- It gets more pliable as it breaks in
- Stiff and rigid out of the box
The Nike Pegasus 40 is another road running shoe that has withstood the test of time and still holds a position among the best. This neutral, moderately cushioned shoe feels pretty stiff out of the box. It lacked smoothness and felt kind of slappy at first, but it breaks in and becomes more pliable over time as you put more miles on it. The upper feels secure, if anything a bit rigid, but this also softens with time. The outsole grips well if you venture onto dirt or encounter unexpected snow and mud, as our tester in the mountains of Colorado did.
Like the New Balance and Brooks options above, this shoe probably won’t blow your mind. It’s a solid and reliable daily trainer but not extraordinary. It feels a bit heavier and stiffer than the Brooks Ghost but lighter than the New Balance Fresh Foam X 880v13. If you’re used to running in Nike shoes and know you like the fit and feel, you’ll likely be pleased with this shoe, especially as you put more miles on it and break it in.
Actual Weight (U.S. men’s 9): 9.7 ounces (276 grams) | Drop: 10 millimeters
- Heel-to-Toe Drop – The difference in height between the heel and the toe of the shoe, most often measured in millimeters. Often called “offset” or “drop” for short.
- Midsole – The middle layer of foam between a shoe’s upper and outsole that provides cushioning.
- Outsole – The bottom part of the shoe that comes into contact with the ground and provides traction.
- Upper – The entire top of the shoe.
- Toebox – The area surrounding the ball of the foot and toes. They can come in a variety of widths depending on the shape and purpose of the shoe.
- Stack Height – The shoe’s height is due to the midsole and outer thickness. Higher stack heights generally indicate more cushioning but can be less stable.
- Pronation – The natural collapse of the foot’s arch while standing, walking, or running that provides natural shock absorption in a gait.
- Overpronation – Excess arch collapse that can lead to issues with arches, ankles, Achilles tendons, shins, outer knees, and/or outer hips.
- Supination – A lack of arch collapse that results in the outer foot absorbing most of the impact of a stride. It can cause plantar fasciitis and/or pain in the pelvis and lumbar spine. This is also referred to as underpronation.
How to Choose Everyday Road Running Shoes
Road Running Shoes Versus Trail Running Shoes
An easy way to think about the difference between road and trail shoes is to think about the difference between road and mountain bike tires. Road bike tires have a smooth surface meant to glide quickly across smooth surfaces with minimal friction. On the other hand, mountain bike tires have beefy lugs to provide more traction and grip to help move across loose and uneven surfaces.
It’s the same with road and trail running shoes. Road shoes — like the ones featured in this guide — have smooth outsoles and are meant for pavement or smooth gravel roads. Trail shoes will have beefy lugs on the outsoles. Trail running shoes sometimes also have additional features like rock plates and extra protection around the toebox to help deal with rocks and roots on the trail.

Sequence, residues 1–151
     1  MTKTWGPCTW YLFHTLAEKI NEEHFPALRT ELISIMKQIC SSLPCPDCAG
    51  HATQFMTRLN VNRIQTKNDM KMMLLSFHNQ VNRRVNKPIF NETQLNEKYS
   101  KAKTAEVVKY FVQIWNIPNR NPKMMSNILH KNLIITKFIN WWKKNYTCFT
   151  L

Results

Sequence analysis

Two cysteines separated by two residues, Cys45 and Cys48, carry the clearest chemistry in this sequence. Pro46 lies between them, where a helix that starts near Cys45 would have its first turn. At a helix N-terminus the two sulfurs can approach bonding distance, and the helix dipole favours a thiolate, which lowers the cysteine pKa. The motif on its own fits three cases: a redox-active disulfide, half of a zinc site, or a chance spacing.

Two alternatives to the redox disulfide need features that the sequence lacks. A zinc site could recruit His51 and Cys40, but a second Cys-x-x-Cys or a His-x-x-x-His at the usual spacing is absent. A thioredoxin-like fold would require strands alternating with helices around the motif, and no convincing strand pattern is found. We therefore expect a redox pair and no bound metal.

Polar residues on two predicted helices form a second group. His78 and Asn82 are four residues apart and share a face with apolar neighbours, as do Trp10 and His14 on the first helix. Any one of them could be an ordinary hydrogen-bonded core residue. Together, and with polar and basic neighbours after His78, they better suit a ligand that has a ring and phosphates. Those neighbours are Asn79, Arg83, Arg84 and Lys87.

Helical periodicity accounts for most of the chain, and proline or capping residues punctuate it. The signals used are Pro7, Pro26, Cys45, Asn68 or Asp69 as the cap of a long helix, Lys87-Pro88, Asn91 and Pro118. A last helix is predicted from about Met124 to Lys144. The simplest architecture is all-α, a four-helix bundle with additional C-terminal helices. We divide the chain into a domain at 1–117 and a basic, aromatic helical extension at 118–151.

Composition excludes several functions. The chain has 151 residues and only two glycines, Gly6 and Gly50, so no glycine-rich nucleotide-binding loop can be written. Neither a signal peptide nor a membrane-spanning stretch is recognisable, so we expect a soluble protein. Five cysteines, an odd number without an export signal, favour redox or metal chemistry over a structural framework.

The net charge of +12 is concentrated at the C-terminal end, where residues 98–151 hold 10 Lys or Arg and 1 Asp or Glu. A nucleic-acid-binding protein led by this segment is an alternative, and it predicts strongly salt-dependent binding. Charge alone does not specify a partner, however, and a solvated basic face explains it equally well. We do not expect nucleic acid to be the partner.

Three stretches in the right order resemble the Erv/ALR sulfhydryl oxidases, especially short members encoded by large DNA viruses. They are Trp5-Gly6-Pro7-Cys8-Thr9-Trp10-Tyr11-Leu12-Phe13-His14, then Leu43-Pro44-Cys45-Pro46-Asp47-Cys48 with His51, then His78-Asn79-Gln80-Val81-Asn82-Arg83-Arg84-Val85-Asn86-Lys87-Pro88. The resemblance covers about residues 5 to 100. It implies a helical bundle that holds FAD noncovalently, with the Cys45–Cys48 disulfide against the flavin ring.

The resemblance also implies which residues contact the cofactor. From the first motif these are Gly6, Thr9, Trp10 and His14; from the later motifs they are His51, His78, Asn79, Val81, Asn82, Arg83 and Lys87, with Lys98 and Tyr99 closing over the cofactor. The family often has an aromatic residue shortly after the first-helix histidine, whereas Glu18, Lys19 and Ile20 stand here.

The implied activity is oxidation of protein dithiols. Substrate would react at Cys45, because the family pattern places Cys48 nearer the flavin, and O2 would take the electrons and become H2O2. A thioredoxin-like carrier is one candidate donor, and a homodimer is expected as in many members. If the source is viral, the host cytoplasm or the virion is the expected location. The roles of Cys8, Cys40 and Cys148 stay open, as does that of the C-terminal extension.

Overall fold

If you primarily run on the roads, trail shoes are probably overkill, and the big lugs can be uncomfortable for running on smooth, hard surfaces. If you run most days of the week throughout the year, having a few road and trail shoes could be a good idea to swap throughout your training. If you’re looking for a daily workhorse of a road running shoe, the New Balance Fresh Foam X 880v13 is durable and comfortable.
Different Types of Road Running Shoes
Finding the best road running shoes can be overwhelming and intimidating. Different types of shoes are designed for everyday running, workouts, and racing. And within those different categories are shoes with varying levels of cushion, drop, and stability. While plenty of road running shoes are specialized for specific situations, the road running shoes in this guide are ideally suited for every day running at a comfortable pace, though they’ll get the job done in a workout or race. Lighter and bouncier shoes like the Topo Athletic Cyclone 2 and the Salomon Phantasm will perform a little better in speedier sessions, while the Brooks Ghost 15 and New Balance Fresh Foam X 880v13 are better suited for a relaxed pace. The On Cloudsurfer strikes a nice balance of doing both well.
To choose the best road running shoes for your goals, determine what type of runner you are and want to become. Are you looking for training shoes to run a few days or more a week? Then an everyday trainer like the Brooks Ghost 15 is great. Having two or three pairs of shoes to rotate between can help prevent injury and lengthen the life of your shoe by allowing the foam in the midsole to rebound between runs fully. If you plan on running faster workouts, like tempos or intervals, or running in races, you’ll also want a pair of lightweight and responsive shoes, like the Saucony Endorphin Speed 3.
Next, you’ll want to decide on the level of stability and cushion for your shoes. We’ll go into more detail for both aspects below, but they’re mostly a personal preference. Generally, low or flat arches respond best to stability shoes, while mid to high arches work best in neutral shoes. Note that these are generalities, and it’s best to visit a running store to analyze your feet and gait and where you can try on a pair of shoes before buying them.
Stability Versus Neutral Running Shoes